Tripods – the great compromise

This is the top end of a set of Sachtler carbon fibre tripod legs.  In this case the picture is of my own set, which has a 100mm bowl.  For wildlife cameraman work this is too small, a 150mm bowl being essential.  The 100mm bowl cannot take a head large enough to handle long lens work, and the whole set up is inherently more prone to twist and other movement.

Top of Sachtler carbon fibre legs

Why this picture?  Well, a lot of the wildlife cameraman work that I do necessitates the use of long lenses, and for the past few weeks I’ve been using a Canon HJ 18 x 28.  Anything with a focal length this long is a challenge to keep steady, especially in field conditions.  Soft ground is one problem, but wind is the killer.  A substantial tripod head is essential, but when you’re hiking miles to the tops of mountains there is a point when the ‘tripod carrier’ says enough is enough.  We have been using a Sachtler 25 head, and in reality it is on the light side, but most of the time it is OK.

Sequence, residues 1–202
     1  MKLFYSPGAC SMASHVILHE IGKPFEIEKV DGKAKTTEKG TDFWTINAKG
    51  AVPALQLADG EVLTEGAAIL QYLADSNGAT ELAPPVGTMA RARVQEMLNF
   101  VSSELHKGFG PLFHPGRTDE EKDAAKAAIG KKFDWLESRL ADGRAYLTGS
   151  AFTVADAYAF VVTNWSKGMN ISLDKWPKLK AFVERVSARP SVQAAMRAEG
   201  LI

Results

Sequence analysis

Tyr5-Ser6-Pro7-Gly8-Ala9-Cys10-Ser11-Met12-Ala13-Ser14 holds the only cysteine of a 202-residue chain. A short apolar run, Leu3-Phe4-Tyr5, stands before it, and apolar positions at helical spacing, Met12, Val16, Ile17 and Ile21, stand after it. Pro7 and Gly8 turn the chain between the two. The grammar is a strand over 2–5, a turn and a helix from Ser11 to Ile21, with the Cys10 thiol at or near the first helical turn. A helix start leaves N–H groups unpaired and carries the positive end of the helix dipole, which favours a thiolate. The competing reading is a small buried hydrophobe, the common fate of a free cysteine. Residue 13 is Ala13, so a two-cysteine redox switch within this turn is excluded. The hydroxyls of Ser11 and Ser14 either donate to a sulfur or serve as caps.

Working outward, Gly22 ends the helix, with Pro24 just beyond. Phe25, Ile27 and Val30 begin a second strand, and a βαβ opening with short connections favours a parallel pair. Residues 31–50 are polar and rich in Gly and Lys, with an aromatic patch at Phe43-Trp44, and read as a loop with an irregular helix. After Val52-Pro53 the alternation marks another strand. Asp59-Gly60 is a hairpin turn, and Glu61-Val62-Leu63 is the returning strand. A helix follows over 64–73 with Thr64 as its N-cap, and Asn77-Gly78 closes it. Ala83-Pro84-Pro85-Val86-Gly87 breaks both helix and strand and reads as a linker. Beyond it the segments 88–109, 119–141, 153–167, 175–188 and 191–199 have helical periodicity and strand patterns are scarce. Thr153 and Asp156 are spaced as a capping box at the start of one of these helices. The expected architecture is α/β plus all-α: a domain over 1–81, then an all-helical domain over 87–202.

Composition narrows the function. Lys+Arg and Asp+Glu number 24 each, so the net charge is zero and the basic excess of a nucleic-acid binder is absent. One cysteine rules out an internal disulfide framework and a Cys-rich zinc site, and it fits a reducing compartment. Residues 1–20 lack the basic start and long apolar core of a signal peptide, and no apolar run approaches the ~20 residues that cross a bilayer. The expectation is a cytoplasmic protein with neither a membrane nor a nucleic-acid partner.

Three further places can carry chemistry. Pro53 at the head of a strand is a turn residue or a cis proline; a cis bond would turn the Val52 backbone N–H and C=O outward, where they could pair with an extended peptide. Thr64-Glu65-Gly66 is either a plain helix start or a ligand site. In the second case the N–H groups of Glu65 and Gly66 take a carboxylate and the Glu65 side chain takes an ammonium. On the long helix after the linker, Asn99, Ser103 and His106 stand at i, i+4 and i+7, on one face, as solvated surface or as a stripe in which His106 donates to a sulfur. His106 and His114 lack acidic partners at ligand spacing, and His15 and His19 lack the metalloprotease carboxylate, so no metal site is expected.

Often forgotten are the tripod legs.  I show this picture because I have come across a problem on the 150mm bowl set I have been using where the top of the legs meet the bowl on the Sachtler carbon fibre legs, and it’s not the first time I’ve encountered this.  There can be a certain amount of play in the joint where the allen key screws hold the legs onto the bowl.  It could be wear, but I doubt it, as this set is brand new.  More likely it is a bad component inside the fitting.  When I get a minute I’ll take it to bits and have a look (it will not tighten up any more).  The slackness manifests itself as a slight clunk when starting to pan, or most other tripod head movements, and it is particularly noticeable when the head is loaded with a heavy set up.  Maybe this is being picky, but wildlife camera people need all the help we can get!